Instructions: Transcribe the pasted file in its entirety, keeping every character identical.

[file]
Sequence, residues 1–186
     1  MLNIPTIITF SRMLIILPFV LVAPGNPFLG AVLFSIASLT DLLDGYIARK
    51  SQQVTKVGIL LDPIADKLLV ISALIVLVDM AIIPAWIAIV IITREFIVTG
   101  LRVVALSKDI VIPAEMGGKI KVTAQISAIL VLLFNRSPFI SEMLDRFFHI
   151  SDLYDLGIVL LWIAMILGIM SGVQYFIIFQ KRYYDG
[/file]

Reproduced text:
Sequence, residues 1–186
     1  MLNIPTIITF SRMLIILPFV LVAPGNPFLG AVLFSIASLT DLLDGYIARK
    51  SQQVTKVGIL LDPIADKLLV ISALIVLVDM AIIPAWIAIV IITREFIVTG
   101  LRVVALSKDI VIPAEMGGKI KVTAQISAIL VLLFNRSPFI SEMLDRFFHI
   151  SDLYDLGIVL LWIAMILGIM SGVQYFIIFQ KRYYDG